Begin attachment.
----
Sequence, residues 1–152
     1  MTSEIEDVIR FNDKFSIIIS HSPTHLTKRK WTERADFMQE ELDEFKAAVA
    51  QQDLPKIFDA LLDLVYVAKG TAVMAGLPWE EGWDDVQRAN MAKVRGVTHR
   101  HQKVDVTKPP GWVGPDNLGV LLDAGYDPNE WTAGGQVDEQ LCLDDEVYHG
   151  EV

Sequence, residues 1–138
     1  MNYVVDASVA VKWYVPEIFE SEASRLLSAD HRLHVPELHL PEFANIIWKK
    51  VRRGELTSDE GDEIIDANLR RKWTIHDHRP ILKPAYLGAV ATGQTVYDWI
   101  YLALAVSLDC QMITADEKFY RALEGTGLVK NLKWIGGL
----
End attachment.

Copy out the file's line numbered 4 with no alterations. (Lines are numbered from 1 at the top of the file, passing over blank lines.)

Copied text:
   101  HQKVDVTKPP GWVGPDNLGV LLDAGYDPNE WTAGGQVDEQ LCLDDEVYHG